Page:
Southwest Gardens Grow Food, Nurture Environment

Alondra Alvizo looks at rows and rows of peppers, leaf lettuce and green beans and cannot help but smile.
The 22-year-old Alvizo is the field manager of the Cadillac Urban Garden on Merritt Street, operated by Southwest Detroit Environmental Vision, a nonprofit organization dedicated to improving the environment through sustainable practices, recycling, and cleanup projects.
The park near St. Hedwig Parish was created about five years ago and has become so successful it became the inspiration for 10 more gardens in the area and the creation of an environmental district.
“I wanted to put to use what I learned,” Alvizo said. “For me it was not about money or recognition. There is a brain drain in communities…where people get an education or training and leave. It is important to give back to your community.”
Alvizo, a Michigan State University graduate, considered furthering her agricultural studies at Purdue University but felt working in the community was too much of a draw for her to do so right now.
“I always knew I would come back to Detroit,” she said. “People say the city is coming back, but it has not gone anywhere. It is the people who are coming back. Detroit is a city of prospects.”
The garden is open to the public 9 5 p.m. weekdays. Visitors can pick from the numerous vegetables planted in the garden. Volunteers help visitors with their selections and tend the garden.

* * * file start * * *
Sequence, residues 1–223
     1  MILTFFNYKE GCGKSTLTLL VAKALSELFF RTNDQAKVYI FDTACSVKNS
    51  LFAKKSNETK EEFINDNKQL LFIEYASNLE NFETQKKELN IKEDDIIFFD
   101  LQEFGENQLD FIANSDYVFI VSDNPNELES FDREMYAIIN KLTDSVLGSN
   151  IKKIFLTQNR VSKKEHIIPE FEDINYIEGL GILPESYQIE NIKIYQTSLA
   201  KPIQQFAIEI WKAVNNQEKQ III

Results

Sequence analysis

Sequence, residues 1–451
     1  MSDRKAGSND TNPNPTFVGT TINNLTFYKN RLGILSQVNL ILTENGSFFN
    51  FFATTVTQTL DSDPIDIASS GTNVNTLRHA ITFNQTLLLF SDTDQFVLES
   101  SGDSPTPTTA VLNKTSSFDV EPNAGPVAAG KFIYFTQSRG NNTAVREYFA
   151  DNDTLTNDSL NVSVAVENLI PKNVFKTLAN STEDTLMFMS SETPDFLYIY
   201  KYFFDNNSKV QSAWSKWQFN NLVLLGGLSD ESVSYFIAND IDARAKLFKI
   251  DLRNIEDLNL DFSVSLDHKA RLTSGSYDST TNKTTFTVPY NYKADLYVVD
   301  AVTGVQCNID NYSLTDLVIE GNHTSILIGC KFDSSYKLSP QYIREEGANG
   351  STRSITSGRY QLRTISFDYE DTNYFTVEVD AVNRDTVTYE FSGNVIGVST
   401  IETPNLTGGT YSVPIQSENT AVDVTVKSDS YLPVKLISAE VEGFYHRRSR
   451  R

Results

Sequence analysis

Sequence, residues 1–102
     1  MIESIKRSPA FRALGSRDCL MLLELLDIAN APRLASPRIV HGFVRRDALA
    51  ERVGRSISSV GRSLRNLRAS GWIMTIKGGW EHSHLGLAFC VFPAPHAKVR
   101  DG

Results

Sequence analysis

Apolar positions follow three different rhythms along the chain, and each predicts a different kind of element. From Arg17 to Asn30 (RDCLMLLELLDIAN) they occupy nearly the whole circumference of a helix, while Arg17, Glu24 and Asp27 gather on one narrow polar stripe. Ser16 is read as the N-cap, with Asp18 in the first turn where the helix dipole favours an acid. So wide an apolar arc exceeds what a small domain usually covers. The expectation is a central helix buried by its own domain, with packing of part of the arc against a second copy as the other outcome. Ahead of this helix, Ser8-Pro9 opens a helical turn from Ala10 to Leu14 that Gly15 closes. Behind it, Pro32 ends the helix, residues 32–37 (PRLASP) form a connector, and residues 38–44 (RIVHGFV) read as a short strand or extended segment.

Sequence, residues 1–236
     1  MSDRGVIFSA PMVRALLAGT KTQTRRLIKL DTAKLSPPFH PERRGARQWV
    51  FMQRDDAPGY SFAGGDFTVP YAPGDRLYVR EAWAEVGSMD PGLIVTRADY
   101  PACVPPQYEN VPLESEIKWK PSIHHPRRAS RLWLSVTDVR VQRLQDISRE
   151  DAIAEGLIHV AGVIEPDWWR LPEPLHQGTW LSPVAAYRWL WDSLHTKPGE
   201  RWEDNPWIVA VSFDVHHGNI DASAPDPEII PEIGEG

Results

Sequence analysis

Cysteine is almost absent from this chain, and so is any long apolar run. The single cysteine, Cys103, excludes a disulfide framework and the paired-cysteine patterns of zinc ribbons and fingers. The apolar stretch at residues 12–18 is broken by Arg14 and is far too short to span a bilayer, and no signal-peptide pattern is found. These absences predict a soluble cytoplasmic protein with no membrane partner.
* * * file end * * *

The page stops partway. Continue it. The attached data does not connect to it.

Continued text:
Frank Venegas, owner of Ideal Group, came up with the idea of the community garden and donated space for it, said Kathy Stott, executive director of Southwest Detroit Environmental Vision.
Since then the environmental group has partnered with other groups, businesses and corporations to plant more gardens across southwest Detroit, Stott said.
“Southwest Detroit Environmental Vision is all about being stable and eco-friendly,” Stott said. “We realize there is so much interest and that it brings the community together.”
General Motors Corp. initially donated numerous empty containers that would have gone in the scrap heap or been recycled, Stott said.
Her organization uses them to make sure contaminated soil does not wind up in the mix. Many of the gardens are in vacant lots, some of which used to be home to manufacturing facilities.
“You never can be too sure about the soil,” Stott said. “We want to make sure we are not growing food in contaminated soil.”
Stott said she smiles whenever she sees senior living facilities or senior centers bus older people to the garden to get fresh produce. Volunteers, most whom are very young, guide the visitors and help harvest the food with them.
“It is adorable to see the seniors connect,” Stott said of the multiple generations interacting. “It is cool to see them interact.”

For more information on the Southwest Detroit Environmental Vision, visit or phone 313-842-1961.

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